This is completely natural. You are married/committed, not dead.
The key is to communicate this to your SO.
“I know I have hurt you in the past with my behavior, and I never want to hurt you like that again. I am committed to this marriage/relationship, and I love you dearly. I am not going to leave you, and I don’t want you to leave me. We’re in this together. However, I need to feel safe to express my feelings to you instead of just hiding them and being afraid of hurting you. I’m afraid that if I hide them away it will be more detrimental to me and to our relationship. I’m not saying that I want to sleep with other people, but I do feel the need to flirt and talk sexy (or whatever your need is, again you and your SO decide the boundaries) with people. You can see all my communication if you’d like. I want to be completely open with you, and I want to earn your trust back. Yet, I want to be honest with you and I need you to love me for who I am, not who you want me to be. And I want to know you that completely, too. Wouldn’t you like to feel attractive to another man/woman? Perhaps we can go to out and flirt a little, then come home and devour each other. It will be exciting and new.”
So ask yourself what is more moral: being true to yourself and your SO, being open and honest with each other, which can only serve in bringing you closer together, or to pretend you don’t feel such things, letting them build up and fester, or worse yet, act out on the desires behind your SO’s back.
Adultery lies in deception. The act is secondary.
If everything is open, you are not breaking any commandments.
As far as the rest of the world is concerned, it’s none of their business. You don’t have to tell your friends or family or pastor or priest. It’s akin to discussing your favorite sexual position with them. It’s simply none of their business.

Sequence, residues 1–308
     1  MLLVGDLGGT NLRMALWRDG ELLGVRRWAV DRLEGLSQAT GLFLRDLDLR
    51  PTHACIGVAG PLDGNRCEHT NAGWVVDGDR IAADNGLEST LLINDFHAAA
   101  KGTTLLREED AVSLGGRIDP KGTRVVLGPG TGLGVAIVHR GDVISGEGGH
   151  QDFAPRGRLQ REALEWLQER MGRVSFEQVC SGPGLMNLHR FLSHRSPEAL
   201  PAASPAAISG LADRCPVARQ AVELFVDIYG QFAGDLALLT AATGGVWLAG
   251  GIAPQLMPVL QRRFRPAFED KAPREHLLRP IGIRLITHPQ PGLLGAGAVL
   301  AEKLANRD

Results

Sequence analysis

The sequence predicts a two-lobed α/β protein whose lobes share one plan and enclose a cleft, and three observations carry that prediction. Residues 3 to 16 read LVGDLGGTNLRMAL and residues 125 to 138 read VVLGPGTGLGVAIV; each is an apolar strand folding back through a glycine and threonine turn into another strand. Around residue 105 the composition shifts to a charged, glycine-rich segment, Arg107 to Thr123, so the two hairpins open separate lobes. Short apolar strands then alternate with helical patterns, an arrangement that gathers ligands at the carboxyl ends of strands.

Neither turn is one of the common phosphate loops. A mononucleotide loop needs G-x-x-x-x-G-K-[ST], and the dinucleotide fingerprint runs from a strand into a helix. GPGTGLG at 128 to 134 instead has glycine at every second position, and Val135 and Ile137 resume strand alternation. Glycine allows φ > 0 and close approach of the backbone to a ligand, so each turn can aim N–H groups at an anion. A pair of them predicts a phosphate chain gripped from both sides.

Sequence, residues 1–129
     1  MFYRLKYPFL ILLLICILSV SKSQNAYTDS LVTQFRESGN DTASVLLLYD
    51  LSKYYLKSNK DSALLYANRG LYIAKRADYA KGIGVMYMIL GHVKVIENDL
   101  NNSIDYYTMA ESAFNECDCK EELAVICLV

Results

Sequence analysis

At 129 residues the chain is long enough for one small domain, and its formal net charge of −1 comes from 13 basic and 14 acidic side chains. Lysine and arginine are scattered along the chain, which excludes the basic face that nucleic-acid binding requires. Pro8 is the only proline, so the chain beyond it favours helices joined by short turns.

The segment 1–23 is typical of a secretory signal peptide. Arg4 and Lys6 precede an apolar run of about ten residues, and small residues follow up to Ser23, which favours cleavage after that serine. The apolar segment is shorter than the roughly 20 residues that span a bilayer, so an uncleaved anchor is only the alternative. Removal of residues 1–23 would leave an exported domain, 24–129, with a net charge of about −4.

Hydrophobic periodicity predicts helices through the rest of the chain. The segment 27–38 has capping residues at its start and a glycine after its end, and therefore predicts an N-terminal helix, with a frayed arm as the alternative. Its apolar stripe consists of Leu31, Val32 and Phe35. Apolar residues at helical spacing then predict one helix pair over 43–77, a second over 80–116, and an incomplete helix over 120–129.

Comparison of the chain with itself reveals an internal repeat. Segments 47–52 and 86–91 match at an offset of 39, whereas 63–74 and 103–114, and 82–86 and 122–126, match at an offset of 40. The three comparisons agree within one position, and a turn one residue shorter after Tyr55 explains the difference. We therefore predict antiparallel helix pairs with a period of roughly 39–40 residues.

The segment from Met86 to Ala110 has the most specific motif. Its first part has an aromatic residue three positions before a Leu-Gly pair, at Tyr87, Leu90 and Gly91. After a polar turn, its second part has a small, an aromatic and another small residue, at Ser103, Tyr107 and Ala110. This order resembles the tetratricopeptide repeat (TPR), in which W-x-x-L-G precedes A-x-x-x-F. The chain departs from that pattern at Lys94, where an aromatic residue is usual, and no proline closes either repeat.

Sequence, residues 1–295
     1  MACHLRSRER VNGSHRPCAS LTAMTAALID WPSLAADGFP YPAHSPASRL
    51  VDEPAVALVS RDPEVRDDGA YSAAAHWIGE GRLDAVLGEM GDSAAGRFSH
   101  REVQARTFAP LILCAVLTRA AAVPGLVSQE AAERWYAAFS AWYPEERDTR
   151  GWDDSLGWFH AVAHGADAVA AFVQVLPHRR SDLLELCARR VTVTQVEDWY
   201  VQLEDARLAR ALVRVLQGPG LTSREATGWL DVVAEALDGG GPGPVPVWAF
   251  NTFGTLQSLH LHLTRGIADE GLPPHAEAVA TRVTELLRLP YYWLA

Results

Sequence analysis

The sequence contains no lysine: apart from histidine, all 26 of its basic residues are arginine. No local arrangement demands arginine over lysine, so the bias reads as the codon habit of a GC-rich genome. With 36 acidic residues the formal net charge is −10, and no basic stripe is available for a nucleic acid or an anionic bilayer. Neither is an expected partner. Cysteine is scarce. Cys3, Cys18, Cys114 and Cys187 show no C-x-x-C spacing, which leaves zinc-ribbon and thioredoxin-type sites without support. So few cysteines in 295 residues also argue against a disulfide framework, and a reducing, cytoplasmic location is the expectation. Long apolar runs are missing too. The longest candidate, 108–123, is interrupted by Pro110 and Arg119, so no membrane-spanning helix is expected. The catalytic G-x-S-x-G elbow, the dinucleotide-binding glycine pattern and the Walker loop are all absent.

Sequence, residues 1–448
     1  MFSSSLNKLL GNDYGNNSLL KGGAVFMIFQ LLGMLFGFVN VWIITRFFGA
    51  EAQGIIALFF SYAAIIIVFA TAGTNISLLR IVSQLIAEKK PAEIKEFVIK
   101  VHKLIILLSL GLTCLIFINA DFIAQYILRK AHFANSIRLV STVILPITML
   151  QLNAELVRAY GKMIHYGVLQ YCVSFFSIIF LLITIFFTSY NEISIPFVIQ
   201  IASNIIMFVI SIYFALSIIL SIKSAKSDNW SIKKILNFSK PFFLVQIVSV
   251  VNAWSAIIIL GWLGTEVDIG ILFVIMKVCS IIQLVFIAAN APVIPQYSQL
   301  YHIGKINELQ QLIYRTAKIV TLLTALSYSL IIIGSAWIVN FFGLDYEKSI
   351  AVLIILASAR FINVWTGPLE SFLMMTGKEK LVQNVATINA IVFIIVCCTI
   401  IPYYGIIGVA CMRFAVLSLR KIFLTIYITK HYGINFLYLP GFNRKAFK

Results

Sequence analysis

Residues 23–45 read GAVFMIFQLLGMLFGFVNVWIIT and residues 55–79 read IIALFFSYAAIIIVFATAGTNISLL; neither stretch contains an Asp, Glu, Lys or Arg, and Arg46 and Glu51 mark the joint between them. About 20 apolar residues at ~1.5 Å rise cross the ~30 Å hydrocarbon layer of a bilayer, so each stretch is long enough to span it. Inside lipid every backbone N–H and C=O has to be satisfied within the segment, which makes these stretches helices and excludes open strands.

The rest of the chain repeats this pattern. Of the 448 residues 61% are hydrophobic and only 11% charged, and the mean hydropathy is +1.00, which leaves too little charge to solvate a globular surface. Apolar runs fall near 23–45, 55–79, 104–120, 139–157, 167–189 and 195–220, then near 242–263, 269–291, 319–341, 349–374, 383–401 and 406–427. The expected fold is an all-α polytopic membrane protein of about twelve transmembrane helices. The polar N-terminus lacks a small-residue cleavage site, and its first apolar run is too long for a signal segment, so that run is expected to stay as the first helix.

Perhaps you were raised to believe that monogamy is the right way or only way to be. Unfortunately, many of us are. The problem is that it goes against our biological nature. *Very* few people are actually monogamous.
Monogamy is one mate for life.
At best, most of us adhere to “serial monogamy,” being with just one partner until that relationship ends, then finding another. You and your SO likely had lovers before this relationship. If this one ends, you’ll have lovers again.
That’s serial monogamy.
But think of this: you’ve built a home and a family with this person: a good life. Are you willing to risk all of that, throwing it away for something unsure? Risk losing your children? For what, fleeting passion? It’s ludicrous.
Passion is really hot, no doubt. But please let me remind you that the word passion comes from the Greek pathos, meaning “to suffer.” No doubt. Passion generally carries suffering, especially if it ends suddenly.
A new, exciting lover, especially if “forbidden” is very, very hot. But the rest of your life won’t be like that. People who try to sustain that level of passion quickly get very exhausted, as it’s constant suffering. Sexually passionate relationships are often “passionate” in other areas, like fighting, perhaps even abusive behavior.
Ultimately, we cannot sustain such levels of passion, so when it fades, and it will, what will you have then? You will have given up your SO and possibly your children for something that burned hot for a few days, weeks, months…
Cherish the life you built with your SO. Respect them and yourself and just be open with how you feel. You might be surprised.
TAKE IT SLOW…if you’ve deceived your SO in the past, you will first need to Heal Your Relationship and earn back their trust. You must do whatever it takes for however long it takes, if you are committed to this person. But this doesn’t mean you have to deny your needs. Going behind their back, even for something as seemingly innocuous as online flirting is still deception. What you are deceiving them about is not important…*the deception itself is important.*
Please read my other articles on the subject:
Please note that all these articles are for healthy relationships. If you are in an abusive relationship, if your partner threatens you, emotionally or physically abuses you, get out. Fast.
Dr. Phil’s Vignettes:
- Moving Forward After Infidelity
- Ten Relationship Myths
- Communicating with Emotional Integrity
- Advice for Cheaters and Their Partners
- Affair-Proof Your Marriage